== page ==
July 11, 2010
By Bill McKibben
Those solar panels won't be enough solve climate change, obviously. But they'll send a strong symbolic message about what the future demand--and maybe our leaders will see how easy it is to start down a greener path. If they hammer in a solar panel, perhaps they'll feel more committed to hammering out some clean energy legislation.
As you all know, we're getting to work on 10/10/10--all around the world
people are preparing climate solutions projects for their communities,
their mosques and churches and synagogues and temples, their schools and
We thought our leaders should have a chance to get personally involved
too, which is why we're today launchinga special campaign <http://salsa.democracyinaction.org/dia/track.jsp?v=2&c=cJ5qsD7vsheq6JZou8rp4XG4eeHcJqiG>
aimed just at them.
Each one has a roof over their heads--in India at the Rashtrapati
Bhavan; in Mexico they call it Los Pinos, and in Washington it's the
Those roofs need solar panels--and we hope they'll go up on October 10,
just as around the world people are taking practical action in their own
communities. It's remarkably easy to send a message to your
leader--just click here for instructions: <http://salsa.democracyinaction.org/dia/track.jsp?v=2&c=uIQXioMTzuFkONbl9%2BSCLHG4eeHcJqiG>
Those solar panels won't be enough solve climate change, obviously. But
they'll send a strong symbolic message about what the future
demand--and maybe our leaders will see how easy it is to start down a
greener path. If they hammer in a solar panel, perhaps they'll feel more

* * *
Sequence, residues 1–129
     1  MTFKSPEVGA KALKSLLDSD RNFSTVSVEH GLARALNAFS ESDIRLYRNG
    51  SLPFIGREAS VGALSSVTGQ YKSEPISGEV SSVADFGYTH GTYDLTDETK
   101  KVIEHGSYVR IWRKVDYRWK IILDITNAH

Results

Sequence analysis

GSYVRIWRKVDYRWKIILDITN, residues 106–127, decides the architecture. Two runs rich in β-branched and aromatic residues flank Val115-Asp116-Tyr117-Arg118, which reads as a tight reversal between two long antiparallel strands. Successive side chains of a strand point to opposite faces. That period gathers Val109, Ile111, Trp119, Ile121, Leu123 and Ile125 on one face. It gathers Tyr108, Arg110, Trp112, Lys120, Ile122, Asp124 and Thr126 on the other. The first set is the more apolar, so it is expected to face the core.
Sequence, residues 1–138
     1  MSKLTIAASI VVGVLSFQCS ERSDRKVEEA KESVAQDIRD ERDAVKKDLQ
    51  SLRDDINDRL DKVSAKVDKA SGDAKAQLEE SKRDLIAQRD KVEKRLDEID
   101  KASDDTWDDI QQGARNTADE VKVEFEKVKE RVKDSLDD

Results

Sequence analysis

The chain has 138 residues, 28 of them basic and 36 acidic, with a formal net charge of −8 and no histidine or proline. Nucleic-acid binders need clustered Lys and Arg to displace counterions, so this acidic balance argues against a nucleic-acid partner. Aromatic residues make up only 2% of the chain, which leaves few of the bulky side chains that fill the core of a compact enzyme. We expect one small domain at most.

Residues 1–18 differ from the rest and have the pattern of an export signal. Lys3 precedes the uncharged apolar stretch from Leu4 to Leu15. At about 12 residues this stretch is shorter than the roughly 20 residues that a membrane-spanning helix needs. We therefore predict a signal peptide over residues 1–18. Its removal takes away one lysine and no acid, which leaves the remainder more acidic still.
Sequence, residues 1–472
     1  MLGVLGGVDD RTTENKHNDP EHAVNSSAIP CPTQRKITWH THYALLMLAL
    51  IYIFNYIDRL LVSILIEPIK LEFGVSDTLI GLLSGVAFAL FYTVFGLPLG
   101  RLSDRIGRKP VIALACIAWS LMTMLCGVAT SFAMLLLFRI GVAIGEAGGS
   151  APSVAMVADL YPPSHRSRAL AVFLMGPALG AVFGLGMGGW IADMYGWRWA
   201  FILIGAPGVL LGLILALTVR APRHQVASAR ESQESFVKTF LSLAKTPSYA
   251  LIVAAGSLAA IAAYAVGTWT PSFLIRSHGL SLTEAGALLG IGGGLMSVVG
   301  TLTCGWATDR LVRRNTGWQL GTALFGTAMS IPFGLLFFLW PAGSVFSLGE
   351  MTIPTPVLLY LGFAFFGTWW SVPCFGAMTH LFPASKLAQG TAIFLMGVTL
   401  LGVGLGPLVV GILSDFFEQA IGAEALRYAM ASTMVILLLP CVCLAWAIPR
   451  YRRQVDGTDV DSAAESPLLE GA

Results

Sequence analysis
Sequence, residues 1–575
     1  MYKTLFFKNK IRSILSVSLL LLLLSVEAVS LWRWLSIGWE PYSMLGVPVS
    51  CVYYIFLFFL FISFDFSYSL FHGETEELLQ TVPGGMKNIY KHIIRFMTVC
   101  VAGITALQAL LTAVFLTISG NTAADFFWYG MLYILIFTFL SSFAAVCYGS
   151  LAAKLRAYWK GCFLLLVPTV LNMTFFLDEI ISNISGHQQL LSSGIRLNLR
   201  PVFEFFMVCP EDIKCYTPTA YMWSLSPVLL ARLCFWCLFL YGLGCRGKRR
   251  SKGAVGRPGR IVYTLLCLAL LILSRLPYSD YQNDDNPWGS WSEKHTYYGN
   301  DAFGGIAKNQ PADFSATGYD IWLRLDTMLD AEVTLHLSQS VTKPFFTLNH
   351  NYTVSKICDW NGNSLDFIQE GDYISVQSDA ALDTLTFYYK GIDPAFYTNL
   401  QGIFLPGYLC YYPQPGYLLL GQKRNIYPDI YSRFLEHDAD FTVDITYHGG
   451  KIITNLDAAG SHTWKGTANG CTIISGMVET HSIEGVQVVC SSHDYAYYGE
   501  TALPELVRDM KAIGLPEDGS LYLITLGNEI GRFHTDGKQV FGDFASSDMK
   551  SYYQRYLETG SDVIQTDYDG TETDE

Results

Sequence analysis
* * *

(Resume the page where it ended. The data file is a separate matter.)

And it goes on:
committed to hammering out some clean energy legislation.
We're a little worried, of course, that our leaders will use their new
solar panels to claim that they're sincere about climate change without
passing the legislation and enacting the regulations that really
matter--none of us wants to be used for a photo opportunity. Instead,
the message we'll all be sending is: you've taken symbolic action, so
now get to work on the real thing.
But the symbolism is important too. Just imagine: 30 years ago the
American White House actually did have solar panels on the roof,
installed by president Jimmy Carter. But they were taken down by the
next administration, and they've never reappeared. That represents three
wasted decades when we could have been doing something about the
climate crisis--we'll never get those decades back, but we can start to
catch up now.
So while you're rounding up your neighbors for your own 10/10/10 action,
invite the person in charge of your nation to join you on that day.
Remind them that one answer to our greatest crisis is directly above
their heads. Tell them to roll up their sleeves and get to work!
Bill McKibben for the whole 350.org
P.S. Good news already! Just as we're launching this campaign, President
Mohammed Nasheed of the Maldives confirmed he'll be up on his roof on
10/10/10, installing a solar array. Who's next?
You should join us on Facebook by becoming a fan of our page at facebook.com/350org
and follow us on twitter by visiting twitter.com/350 <http://salsa.democracyinaction.org/dia/track.jsp?v=2&c=HK2ZzWpavQvkJXF4371L1XG4eeHcJqiG>
To join our list (maybe a friend forwarded you this e-mail) visit www.350.org/signup <http://salsa.democracyinaction.org/dia/track.jsp?v=2&c=gWVCY%2F3EoLi6LhM3za%2F6SnG4eeHcJqiG>
350.org needs your help!
To support our work, donate securely online at 350.org/donate <http://salsa.democracyinaction.org/dia/track.jsp?v=2&c=VC4PI3rBCpPiDoJH13Q4ZHG4eeHcJqiG>
Bill McKibben is the author of a dozen books, including The End of Nature and Deep Economy: The Wealth of Communities and the Durable Future. A former staff writer for The New Yorker, he writes regularly for Harper's, The Atlantic Monthly, and The New York Review of Books, among other publications. In April 2007, he organized the Step It Up National Day of Climate Action, one of the largest global warming protests to date. Most recently, he has co-founder of 350.org, an international grassroots campaign that aims to mobilize a global climate movement united by a common call to action. He is a scholar-in-residence at Middlebury College, and lives in Vermont with his wife, the writer Sue Halpern, and their daughter.